Canberra, Australia

Photo: JJ Harrison (jjharrison89@facebook.com) (Own work) [GFDL 1.2 (http://www.gnu.org/licenses/old-licenses/fdl-1.2.html) or CC-BY-SA-3.0 (http://creativecommons.org/licenses/by-sa/3.0)], via Wikimedia Commons
Photo: JJ Harrison (jjharrison89@facebook.com) (Own work) [GFDL 1.2 (http://www.gnu.org/licenses/old-licenses/fdl-1.2.html) or CC-BY-SA-3.0 (http://creativecommons.org/licenses/by-sa/3.0)%5D, via Wikimedia Commons
There are a lot of places on your Australian wish list. So many that it will take not one or two or even three trips Down Under to see all of them. It’s a huge country, after all. But despite mapping out possibilities from Western Australia to Queensland to Tasmania, there’s one Aussie place you continually overlook: Canberra.

The capital of Australia was created in 1913 as a compromise between the country’s two largest cities: Melbourne and Sydney. Both cities considered itself the most important Australian city, so a neutral territory (the Australian Capital Territory) was created in between the two. The entirely planned city—similar to Washington, D.C.—is located in Southeast Australia near the Brindabella Range. It straddles Lake Burley Griffin, an artificial lake. While it’s home to parliament, embassies, and universities.

Tours of Canberra should begin outside of the city. Drive the winding, eucalyptus-lined road up Mount Ainslie for a panoramic view of the city. Visit the Australian War Memorial to see the Roll of Honour, the Hall of Valour, and the Tomb of the Unknown Soldier. Follow ANZAC Parade, the wide main street, south over the Commonwealth Bridge. It leads to Parliament House, where you should see the Great Hall and the Senate chamber before going to the green roof for another great city view. Then spend the afternoon at the National Museum of Australia, a controversial museum that doesn’t shy away from Aboriginal issues. Don’t miss the embassies, including the semi-permanent Aboriginal Tent Embassy.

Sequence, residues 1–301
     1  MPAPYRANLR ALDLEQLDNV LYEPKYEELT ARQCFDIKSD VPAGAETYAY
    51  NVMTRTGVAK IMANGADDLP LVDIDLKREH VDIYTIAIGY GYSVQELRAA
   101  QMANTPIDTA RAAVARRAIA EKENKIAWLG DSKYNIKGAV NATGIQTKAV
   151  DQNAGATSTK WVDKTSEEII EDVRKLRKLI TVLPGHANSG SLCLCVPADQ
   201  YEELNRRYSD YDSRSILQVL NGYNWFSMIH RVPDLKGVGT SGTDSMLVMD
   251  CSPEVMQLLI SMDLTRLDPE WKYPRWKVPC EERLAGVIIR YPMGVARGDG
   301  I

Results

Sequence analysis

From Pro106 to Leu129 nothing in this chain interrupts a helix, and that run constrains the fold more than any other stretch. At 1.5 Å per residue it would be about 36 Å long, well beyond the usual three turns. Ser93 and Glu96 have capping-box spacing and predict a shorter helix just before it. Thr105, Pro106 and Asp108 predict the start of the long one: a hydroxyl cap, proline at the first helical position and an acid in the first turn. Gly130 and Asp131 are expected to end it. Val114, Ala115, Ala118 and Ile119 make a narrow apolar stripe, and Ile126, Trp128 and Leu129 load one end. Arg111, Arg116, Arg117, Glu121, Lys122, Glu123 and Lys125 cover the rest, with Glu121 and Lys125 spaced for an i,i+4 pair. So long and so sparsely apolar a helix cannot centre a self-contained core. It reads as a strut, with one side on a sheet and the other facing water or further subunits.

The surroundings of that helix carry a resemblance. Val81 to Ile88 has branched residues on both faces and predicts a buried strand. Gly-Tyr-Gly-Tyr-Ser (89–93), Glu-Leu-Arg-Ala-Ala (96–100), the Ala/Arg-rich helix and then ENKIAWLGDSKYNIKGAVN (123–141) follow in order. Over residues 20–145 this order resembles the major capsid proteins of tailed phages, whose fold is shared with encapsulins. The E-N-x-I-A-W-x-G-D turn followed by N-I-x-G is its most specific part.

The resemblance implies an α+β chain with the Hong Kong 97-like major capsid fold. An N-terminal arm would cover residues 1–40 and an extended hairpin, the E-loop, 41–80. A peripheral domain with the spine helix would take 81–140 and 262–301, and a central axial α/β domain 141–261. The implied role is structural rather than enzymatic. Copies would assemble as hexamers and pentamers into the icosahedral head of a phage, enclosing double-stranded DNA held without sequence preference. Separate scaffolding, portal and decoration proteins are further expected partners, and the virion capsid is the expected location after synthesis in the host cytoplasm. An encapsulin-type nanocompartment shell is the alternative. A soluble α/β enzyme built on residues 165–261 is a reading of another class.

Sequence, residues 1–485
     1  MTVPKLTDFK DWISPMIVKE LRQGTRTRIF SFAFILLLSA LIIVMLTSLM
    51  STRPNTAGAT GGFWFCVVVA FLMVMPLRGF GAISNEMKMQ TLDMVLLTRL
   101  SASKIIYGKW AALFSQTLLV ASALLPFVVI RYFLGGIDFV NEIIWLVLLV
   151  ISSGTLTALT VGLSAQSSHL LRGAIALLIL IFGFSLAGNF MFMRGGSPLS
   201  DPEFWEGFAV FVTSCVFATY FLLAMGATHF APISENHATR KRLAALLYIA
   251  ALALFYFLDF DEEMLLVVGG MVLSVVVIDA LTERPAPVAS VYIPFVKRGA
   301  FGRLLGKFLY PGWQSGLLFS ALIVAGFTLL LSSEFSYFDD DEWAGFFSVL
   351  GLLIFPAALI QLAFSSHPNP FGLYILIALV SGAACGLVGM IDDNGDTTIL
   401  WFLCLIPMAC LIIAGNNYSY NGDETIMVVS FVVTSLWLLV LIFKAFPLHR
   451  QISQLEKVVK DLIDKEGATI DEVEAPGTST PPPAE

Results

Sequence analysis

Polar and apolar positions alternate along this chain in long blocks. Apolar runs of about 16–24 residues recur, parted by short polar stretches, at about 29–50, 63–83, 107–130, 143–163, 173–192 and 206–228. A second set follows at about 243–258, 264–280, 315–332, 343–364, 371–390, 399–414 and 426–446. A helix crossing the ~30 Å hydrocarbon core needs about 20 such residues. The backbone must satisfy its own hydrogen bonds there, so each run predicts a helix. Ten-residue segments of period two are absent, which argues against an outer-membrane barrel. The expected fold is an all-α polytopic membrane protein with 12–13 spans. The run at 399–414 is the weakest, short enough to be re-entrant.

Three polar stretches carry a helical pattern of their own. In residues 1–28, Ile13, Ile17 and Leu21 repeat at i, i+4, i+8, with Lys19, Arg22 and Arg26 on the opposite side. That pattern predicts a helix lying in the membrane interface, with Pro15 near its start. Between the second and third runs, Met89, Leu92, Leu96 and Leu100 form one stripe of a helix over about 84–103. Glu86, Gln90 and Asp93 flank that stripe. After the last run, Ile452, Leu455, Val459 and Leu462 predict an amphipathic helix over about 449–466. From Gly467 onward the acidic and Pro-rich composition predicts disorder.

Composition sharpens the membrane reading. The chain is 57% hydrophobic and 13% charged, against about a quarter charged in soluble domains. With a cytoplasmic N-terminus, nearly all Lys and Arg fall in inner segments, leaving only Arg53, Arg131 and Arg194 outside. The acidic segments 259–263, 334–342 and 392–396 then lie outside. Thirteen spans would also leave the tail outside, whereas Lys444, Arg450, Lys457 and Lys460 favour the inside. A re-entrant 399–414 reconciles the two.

Photo: Hotel Hotel
Photo: Hotel Hotel

Most visits to Canberra end here. After seeing the historical sites and the monuments, many people head straight for the airport. But you shouldn’t. There’s another side—a hipper side—that few see. Check in at Hotel Hotel, a design hotel in the Nishi building on the northern side of the lake. With its bush shack vibe, the hotel wouldn’t look out-of-place in the Outback. Rooms have salvaged oak beds, clay walls, and wool tapestries. Pops of turquoise and orange brighten the dark spaces. Local artwork fills the gallery, an open fire flickers in the courtyard, and GoodSpeed bikes are ready for exploring.

Canberra’s restaurant scene is just as eclectic as your hotel. At Eightysix, the menu, which might include charcoal chicken and braised pork with kimchi, changes frequently. Dishes are crossed off the blackboard menu when they start running low. Pulp Kitchen is a European-style bistro that focuses on local cuisine and French wine. Dishes like beetroot tart and bouillabaisse are offered in appetizer- and entrée-sized portions. While classy Sage has a garden bar, seasonal tasting menus, and molecular gastronomy.

After dinner, sip a Japanese whisky at Hippo Co. The bar has a retro vibe and live jazz on Wednesday nights. Enjoy a view of the lights on the lake, frozen chocolate mousse, and Australian wine at the Parlour Wine Room. Or cross the lake again for a glass of rum at the Rum Bar. The hot spot has a baby grand piano, more than 200 rums, and an outdoor patio. This sleepy capital city seems to be a night owl.

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